Review – F1 2019

I’ve said it before and I’ll say it again: Formula 1, the sport, isn’t as fun nowadays as it used to be. That’s all due to its reduced number of scuderias, ugly car designs, removal of traditional racetracks in favor of street racetracks in different countries, and excessive amounts of punitive measures for anything a driver does. Not to mention Mercedes-Benz’s monopoly over the sport. Thankfully, that doesn’t happen in the realm of video games. Codemasters’ F1 games just keep getting better and better, and that can be easily seen with F1 2019, arguably the best Formula 1 game ever conceived.

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F2 cars are as ugly as F1 cars, but slower.

F1 2018 was already a fantastic game with an excellent career mode and lots of retro cars to choose from. Surpassing that game in terms of overall content and quality would already be a challenge of its own, but Codemasters certainly achieved that. For starters, although the game is called F1 2019, this isn’t the only racing category present in it. For the first time in the franchise’s history, you can also play with F2 cars, the feeder division that’s directly below F1 in terms of importance. The cars present here are from the last year’s season, and while this might sound weird at first, it totally makes sense when you look at what Codemasters did with the game’s career mode.

The new career mode lets you start off as a F2 pilot on the 2018 in order for you to become a F1 pilot in 2019. This little detail made all the difference. You’ll be able to race alongside last year’s wunderkinds: Alexander Albon, George Russell and Lando Norris. You’ll join the 2019 F1 season alongside them and two new fictional characters created specifically for this career mode: a best friend and a rival. The plot isn’t very important, but the fact that the developers included a fully voiced buddy and one hateful and incredibly punchable rival makes things a lot more personal. More cutscenes have been added, such as going to your agent’s office whenever you’re ready to sign a new contract. Plus, the annoying framerate drops that plagued last year’s career mode have mostly been fixed.

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Racing on the streets of Azerbaijan.

The game’s visuals have been revamped, with noticeable improvements in its lighting effects. Driving in Singapore’s track now feels like daylight, and while that might sound weird, that’s actually what the drivers say it’s really like. The dynamic weather changes are still present and work as well as in F1 2018. The only instances in which I saw some weird graphical glitches were whenever I’d enter a driver selection screen. The game takes a few extra seconds to download their faces and their overall textures. Besides this, the graphics are just downright unbelievable.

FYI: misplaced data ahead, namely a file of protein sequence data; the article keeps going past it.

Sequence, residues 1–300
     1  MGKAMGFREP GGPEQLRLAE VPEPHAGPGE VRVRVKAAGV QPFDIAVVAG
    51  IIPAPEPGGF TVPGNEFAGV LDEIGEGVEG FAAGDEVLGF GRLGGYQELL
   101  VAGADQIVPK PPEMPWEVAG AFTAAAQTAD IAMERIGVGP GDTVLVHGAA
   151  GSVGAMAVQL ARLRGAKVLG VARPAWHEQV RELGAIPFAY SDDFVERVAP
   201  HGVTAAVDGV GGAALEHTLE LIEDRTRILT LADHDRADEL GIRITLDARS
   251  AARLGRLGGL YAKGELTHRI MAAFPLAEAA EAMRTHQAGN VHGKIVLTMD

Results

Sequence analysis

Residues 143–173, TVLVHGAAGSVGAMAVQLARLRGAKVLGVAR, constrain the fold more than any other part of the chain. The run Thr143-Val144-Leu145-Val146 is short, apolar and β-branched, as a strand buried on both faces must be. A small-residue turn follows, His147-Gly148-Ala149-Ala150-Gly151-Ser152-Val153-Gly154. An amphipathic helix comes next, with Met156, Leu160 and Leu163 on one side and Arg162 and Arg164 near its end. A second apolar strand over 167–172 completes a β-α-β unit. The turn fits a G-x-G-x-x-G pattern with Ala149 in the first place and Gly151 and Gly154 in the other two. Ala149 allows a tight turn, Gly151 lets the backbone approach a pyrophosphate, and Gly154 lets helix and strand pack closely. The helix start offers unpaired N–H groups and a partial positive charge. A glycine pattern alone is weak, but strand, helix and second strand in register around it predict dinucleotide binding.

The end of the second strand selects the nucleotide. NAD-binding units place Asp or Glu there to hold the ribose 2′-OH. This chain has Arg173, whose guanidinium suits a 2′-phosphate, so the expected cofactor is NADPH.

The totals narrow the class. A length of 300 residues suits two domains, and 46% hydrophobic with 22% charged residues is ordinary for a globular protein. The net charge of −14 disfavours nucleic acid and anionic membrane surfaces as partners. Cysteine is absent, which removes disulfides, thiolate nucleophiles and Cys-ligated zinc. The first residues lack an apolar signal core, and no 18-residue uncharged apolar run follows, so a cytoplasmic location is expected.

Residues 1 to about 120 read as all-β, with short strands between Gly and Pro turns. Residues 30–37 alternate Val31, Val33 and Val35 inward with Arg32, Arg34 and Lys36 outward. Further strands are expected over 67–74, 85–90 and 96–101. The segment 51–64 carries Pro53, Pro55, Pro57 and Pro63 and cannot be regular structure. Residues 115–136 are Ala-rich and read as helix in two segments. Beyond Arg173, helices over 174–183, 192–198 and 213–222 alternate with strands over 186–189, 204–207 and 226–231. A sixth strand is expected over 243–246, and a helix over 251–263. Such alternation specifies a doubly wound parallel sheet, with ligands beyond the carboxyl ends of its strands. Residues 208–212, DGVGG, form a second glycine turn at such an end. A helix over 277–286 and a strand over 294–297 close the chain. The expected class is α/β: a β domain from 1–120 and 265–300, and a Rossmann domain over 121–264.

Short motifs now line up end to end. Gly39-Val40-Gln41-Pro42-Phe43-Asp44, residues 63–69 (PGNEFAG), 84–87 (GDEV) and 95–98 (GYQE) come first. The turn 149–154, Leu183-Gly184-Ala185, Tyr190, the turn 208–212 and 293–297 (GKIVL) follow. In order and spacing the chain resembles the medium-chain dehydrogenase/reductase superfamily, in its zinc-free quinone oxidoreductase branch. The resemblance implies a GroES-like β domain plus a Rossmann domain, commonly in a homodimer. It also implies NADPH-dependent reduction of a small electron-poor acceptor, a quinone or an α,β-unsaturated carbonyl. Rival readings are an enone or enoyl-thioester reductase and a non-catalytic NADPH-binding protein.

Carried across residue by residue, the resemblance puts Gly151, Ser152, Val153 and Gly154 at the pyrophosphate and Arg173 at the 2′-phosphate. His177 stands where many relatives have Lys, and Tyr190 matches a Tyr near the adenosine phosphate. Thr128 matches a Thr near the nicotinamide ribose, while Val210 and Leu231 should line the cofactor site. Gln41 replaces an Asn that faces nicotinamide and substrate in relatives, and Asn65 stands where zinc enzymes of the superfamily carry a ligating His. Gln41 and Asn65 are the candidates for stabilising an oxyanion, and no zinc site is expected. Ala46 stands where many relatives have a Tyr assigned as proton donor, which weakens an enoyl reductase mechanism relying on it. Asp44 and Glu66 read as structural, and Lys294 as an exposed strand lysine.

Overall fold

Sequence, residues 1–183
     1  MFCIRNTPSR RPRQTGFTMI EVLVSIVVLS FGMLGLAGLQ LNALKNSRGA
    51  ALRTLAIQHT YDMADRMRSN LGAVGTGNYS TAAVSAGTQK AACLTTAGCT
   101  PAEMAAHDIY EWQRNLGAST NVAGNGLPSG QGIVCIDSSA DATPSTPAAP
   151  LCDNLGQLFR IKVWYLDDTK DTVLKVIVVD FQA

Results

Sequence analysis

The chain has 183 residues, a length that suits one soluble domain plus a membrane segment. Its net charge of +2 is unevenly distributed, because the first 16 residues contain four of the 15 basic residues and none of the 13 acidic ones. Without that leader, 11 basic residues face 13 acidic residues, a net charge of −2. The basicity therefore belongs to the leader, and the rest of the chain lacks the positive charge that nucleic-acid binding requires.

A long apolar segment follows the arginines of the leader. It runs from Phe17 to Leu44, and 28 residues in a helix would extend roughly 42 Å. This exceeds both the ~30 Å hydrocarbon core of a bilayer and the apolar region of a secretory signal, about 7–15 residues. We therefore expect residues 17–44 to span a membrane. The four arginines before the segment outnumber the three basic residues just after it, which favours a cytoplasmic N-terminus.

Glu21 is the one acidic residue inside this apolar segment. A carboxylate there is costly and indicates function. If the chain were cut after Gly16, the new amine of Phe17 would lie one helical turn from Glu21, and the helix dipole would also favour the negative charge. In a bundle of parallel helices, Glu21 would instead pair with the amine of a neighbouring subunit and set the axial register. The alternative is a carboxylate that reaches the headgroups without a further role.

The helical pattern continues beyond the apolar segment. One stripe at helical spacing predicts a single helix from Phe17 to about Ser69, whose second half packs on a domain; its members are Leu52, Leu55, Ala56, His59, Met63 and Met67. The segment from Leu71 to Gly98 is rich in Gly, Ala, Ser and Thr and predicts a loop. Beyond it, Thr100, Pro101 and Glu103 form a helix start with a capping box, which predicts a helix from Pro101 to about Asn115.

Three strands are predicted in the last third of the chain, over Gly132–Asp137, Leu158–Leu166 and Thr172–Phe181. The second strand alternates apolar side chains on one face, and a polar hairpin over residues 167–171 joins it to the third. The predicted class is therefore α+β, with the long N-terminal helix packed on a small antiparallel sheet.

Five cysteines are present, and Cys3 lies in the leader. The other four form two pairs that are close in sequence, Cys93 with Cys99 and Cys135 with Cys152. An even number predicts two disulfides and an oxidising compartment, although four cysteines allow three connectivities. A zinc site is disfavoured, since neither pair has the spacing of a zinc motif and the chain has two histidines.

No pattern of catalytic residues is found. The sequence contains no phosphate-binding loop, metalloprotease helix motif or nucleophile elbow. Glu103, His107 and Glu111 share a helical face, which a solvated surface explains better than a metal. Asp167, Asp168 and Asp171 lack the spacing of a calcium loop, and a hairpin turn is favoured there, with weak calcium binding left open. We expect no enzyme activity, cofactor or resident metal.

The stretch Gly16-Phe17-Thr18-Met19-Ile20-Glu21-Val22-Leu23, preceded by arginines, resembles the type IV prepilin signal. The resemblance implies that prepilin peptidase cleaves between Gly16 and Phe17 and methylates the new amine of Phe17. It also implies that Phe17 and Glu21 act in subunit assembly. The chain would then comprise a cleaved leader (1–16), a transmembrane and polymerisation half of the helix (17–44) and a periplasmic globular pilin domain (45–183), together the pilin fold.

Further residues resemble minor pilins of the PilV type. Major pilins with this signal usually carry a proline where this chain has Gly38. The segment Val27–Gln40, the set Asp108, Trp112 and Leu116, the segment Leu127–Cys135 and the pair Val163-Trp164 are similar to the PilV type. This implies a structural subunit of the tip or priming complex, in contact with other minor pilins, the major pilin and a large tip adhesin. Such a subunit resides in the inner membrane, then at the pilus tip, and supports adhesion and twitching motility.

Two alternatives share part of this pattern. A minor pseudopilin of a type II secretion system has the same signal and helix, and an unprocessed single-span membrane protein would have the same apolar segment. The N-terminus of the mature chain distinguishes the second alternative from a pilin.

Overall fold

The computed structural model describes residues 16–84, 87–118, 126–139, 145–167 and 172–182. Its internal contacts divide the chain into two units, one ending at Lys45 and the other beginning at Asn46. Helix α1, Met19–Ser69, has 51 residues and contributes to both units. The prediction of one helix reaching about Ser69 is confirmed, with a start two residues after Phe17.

Finally, while I’m not one to talk about day-one DLC, I need to praise F1 2019 for its Legends pack. In this pack, you’re able to drive as both Ayrton Senna and Alain Prost, both fully rendered in-game, and can compete in a handful of challenges designed around their rivalry in the late 80’s and early 90’s. For a Brazilian like myself, being able to play as our ultimate sports hero (step aside, Pelé) is just a phenomenal icing on an already delicious cake. The sound of that 1990 McLaren MP4/5B’s engine is like music to my gearhead’s ears.

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Senna against Prost. Now that’s what I call a legendary rivalry.

F1 2019 is how you should do a sequel to a sports game. The game doesn’t simply bring roster updates and slight adjustments to the gameplay. This version more than doubled the amount of content when compared to last year’s iteration, with an impressive career mode, yet another racing category to choose from, and even more challenges to master. To top things off, the game was released even earlier this year, with more than half of the actual season to go. I’m glad that, even though the real F1 gets more boring with every new season, the F1 games just keep getting better and better.


Graphics: 9.5

Improved lighting effects, especially when driving at night. The framerate is as rock-solid as always and the occasional career mode slowdowns have been fixed.

Gameplay: 9.5

The gameplay is as good and responsive as in F1 2018. If it ain’t broke, there’s no need to fix it.

Sound: 8.5

The cars sound as realistic as ever, which means that the current season F1 models sound a bit underwhelming. The voice acting in the career mode is even more impressive than last year.

Fun Factor: 8.5

F1 2019 features a much deeper career mode, the addition of the F2 racing category, as well as lots of old-school fan favorite cars. There’s way more content here than in F1 2018.

Final Verdict: 9.0

F1 2019 is available now on PS4, Xbox One and PC.

Reviewed on PS4.

A copy of F1 2019 was provided by the publisher.